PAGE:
By Michael D. Shear and Robert Barnes
Washington Post Staff Writers
Wednesday, October 26, 2005
Virginia Republican gubernatorial candidate Jerry W. Kilgore has decided not to attend President Bush's appearance in Norfolk on Friday, saying it is not a campaign-related event and that he has other plans 11 days before the election.
Bush has scheduled a speech on terrorism in the Hampton Roads region, home to one of the largest concentrations of military personnel on the East Coast. But Kilgore, who is in a dead-heat battle with Democratic Lt. Gov. Timothy M. Kaine, said that Bush's address is a "policy" speech and that he has an important appearance at a luncheon for the state NAACP at the same time.
"I'm not ignoring the president," Kilgore said. "I just understand their policies on official business. He's been here for me. The first lady has been here for me. The chief of staff has been here."
The decision highlights some concerns among Virginia Republicans, who have watched nervously in recent weeks as Bush's popularity has waned and as scandals involving presidential aides and congressional leaders have dominated news coverage. Although it is unclear how the national political environment affects voters choosing who should lead their state, even small shifts are important in races that are as close as the Virginia contest.
Kilgore and the White House said there was nothing unusual about Kilgore not attending a policy address from the president, but some Democrats and independent analysts thought it significant that Bush would visit in the final weeks of the campaign and not stump for the party's standard-bearer.
"All these big-name figures coming to the state, but President Bush is coming this close to the election and not campaigning for Kilgore?" asked Mark J. Rozell, a public policy professor at George Mason University who is closely following the governor's race. "I think that's very telling.
"I think it's highly likely that the Kilgore campaign folks just don't see Bush as an asset."
White House spokesman Trent Duffy dismissed the notion that Kilgore would avoid appearing with Bush. "You're suspecting he doesn't want to be seen with the president," Duffy said. "I don't think that's what they would say."
He noted that the speech would focus on terrorism. "The president's event is not a political rally. It's an official event."
Kilgore press secretary Tim Murtaugh echoed that.
"We really wouldn't be invited to a presidential event," he said. "They keep the political events and the presidential [events] separate. We appreciate the president's support."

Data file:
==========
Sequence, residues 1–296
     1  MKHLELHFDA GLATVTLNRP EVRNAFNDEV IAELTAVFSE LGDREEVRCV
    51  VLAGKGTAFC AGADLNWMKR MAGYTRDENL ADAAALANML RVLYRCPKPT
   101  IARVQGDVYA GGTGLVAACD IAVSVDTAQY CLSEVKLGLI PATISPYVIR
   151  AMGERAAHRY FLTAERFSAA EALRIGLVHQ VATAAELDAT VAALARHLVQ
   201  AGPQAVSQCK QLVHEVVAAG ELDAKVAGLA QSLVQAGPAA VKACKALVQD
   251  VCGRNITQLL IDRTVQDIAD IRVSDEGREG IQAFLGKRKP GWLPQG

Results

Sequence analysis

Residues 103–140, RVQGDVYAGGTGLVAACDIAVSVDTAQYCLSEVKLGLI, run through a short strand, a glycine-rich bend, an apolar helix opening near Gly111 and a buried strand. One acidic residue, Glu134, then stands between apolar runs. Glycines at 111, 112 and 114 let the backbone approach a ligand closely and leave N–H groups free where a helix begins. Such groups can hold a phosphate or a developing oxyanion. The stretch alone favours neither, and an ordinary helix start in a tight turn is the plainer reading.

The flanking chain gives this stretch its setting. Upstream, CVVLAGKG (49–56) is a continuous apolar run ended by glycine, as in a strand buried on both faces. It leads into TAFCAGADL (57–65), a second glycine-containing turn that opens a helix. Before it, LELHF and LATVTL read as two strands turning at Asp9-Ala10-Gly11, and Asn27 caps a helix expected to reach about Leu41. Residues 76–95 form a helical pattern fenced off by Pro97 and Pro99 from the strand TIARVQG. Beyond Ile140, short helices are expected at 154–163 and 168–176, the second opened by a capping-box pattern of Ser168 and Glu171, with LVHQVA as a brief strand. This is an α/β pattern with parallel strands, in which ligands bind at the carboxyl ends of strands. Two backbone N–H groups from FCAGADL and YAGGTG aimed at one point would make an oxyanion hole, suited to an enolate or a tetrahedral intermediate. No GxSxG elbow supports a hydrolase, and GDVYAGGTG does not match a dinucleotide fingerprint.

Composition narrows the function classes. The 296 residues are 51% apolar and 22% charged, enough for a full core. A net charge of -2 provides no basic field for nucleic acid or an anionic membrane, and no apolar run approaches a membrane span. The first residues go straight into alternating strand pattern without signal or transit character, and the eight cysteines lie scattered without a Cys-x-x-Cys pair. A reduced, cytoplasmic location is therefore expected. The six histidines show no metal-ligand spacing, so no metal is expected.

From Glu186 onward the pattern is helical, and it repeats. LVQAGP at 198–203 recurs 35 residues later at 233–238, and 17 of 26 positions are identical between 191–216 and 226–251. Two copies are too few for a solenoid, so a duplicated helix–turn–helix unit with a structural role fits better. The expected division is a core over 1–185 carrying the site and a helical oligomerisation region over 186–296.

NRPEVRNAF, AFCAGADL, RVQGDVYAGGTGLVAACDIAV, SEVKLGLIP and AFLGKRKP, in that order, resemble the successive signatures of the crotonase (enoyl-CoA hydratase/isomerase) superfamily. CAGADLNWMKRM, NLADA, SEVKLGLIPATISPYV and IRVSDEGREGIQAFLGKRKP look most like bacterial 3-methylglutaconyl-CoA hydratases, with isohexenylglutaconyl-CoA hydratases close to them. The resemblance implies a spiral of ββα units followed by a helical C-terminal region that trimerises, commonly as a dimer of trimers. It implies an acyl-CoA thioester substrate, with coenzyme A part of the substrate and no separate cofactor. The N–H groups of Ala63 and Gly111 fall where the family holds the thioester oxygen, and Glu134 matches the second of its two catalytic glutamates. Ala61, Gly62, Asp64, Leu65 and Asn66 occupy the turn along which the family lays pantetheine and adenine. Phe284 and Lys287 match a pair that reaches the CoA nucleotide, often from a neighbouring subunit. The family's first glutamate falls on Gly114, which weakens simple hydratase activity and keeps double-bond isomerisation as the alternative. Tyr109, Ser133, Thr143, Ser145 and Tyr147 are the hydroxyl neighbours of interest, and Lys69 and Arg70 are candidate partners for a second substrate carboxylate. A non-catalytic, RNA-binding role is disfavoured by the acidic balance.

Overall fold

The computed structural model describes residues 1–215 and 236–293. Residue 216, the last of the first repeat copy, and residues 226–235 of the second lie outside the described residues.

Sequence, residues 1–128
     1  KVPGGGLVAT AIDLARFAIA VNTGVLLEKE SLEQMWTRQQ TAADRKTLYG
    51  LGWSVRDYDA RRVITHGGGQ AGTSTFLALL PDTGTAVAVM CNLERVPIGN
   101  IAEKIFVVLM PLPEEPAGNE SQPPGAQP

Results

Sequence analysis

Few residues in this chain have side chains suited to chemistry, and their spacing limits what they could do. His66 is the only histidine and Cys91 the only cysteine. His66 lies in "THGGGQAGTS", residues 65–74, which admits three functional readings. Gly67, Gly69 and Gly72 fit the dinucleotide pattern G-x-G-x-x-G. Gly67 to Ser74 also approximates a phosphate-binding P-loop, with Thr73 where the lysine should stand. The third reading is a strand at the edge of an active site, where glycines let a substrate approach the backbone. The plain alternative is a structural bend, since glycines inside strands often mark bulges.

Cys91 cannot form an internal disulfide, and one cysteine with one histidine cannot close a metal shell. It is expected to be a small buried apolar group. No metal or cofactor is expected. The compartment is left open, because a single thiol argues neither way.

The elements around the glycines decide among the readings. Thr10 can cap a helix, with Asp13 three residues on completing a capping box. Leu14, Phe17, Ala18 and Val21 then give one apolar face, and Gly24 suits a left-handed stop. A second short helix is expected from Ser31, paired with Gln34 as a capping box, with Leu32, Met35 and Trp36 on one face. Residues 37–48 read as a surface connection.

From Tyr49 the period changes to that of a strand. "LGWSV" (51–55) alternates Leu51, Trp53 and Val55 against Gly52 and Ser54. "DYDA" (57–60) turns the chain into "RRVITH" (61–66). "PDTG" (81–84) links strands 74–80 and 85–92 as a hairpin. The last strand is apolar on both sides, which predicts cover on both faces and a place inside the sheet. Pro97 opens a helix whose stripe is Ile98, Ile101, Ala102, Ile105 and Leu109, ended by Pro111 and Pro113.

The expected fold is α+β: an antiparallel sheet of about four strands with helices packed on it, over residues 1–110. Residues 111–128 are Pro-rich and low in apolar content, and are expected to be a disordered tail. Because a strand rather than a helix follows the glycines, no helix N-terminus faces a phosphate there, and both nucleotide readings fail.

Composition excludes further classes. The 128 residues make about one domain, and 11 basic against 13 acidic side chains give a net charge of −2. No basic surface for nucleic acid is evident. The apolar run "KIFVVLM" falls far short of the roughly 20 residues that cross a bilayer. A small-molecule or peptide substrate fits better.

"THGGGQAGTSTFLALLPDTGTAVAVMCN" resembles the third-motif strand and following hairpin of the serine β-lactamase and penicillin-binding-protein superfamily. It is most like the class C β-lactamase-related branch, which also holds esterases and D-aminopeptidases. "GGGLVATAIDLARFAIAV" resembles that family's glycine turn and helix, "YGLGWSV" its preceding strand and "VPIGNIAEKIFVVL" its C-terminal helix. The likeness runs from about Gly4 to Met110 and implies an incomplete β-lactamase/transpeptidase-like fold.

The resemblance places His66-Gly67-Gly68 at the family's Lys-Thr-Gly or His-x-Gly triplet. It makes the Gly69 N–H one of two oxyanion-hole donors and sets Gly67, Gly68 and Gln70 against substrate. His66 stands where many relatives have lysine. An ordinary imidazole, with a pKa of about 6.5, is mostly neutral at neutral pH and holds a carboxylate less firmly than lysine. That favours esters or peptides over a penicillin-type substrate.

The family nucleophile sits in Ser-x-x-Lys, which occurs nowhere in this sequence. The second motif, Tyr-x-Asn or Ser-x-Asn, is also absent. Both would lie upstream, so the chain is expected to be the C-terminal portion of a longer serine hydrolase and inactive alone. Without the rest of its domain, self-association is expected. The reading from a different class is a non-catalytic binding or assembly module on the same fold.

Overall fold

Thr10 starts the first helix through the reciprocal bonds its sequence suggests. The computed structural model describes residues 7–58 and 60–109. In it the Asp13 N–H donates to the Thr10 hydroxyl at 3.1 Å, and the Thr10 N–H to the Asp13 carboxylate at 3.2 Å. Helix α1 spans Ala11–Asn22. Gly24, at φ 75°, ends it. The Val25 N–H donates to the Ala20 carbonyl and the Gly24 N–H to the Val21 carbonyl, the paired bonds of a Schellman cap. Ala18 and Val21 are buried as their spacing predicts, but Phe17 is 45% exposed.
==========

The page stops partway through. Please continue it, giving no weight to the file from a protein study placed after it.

Asked if the Kilgore campaign had requested that the president also do a campaign event while he was in the state, Murtaugh said it had not, because Kilgore's day was already busy. Asked if Bush might schedule a later campaign appearance with Kilgore, Duffy said "stay tuned."
Kilgore and Bush have been political allies; Kilgore was Bush's Virginia campaign chairman last year when he handily carried the commonwealth on his way to reelection. Republicans declared Bush's victory proof that Gov. Mark R. Warner's victory in 2001 was a Democratic fluke in a reliably Republican commonwealth.
Kilgore's campaign manager directed the Bush campaign last year, and the president was the headliner at a July fundraiser for Kilgore in McLean that raised more than $2 million for the campaign.
Polls show that Bush is more popular in Virginia than nationally, but his numbers are far below those of Warner. Although the two were elected separately four years ago, Kaine and Warner have campaigned together extensively this fall, and Kaine has cast himself as the best person to carry on Warner's policies. The governor is barred by law from seeking reelection.
"People feel better about the way things are going in the state than they do about the way things are going in the country," said Kaine communications director Mo Elleithee. "Maybe Jerry Kilgore feels the same way."
Steve Jarding, a political consultant who managed Warner's campaign in 2001, said Kilgore could hurt himself among the Republican faithful if his decision is seen as a slight. "You don't run away from your president, no matter what problems he has," Jarding said.
Both Kaine and Kilgore are importing lots of politicians for rallies and fundraisers in the closing days of the campaign. Vice President Cheney and Laura Bush have held private fundraisers for Kilgore in the past two weeks, although White House Deputy Chief of Staff Karl Rove canceled his appearance before the Fairfax Republican Party in an event that featured the three GOP statewide candidates.
Former New York City mayor Rudolph Giuliani will appear at a luncheon for Kilgore today in Norfolk, and Sen. John McCain (R-Ariz.) is on tap next week.
Kaine counters today with a women's fundraiser with Michigan Gov. Jennifer M. Granholm, a "multicultural rally" with New Mexico Gov. Bill Richardson and campaign events this weekend with Sen. Barack Obama (D-Ill.)
Staff writer Peter Baker contributed to this report.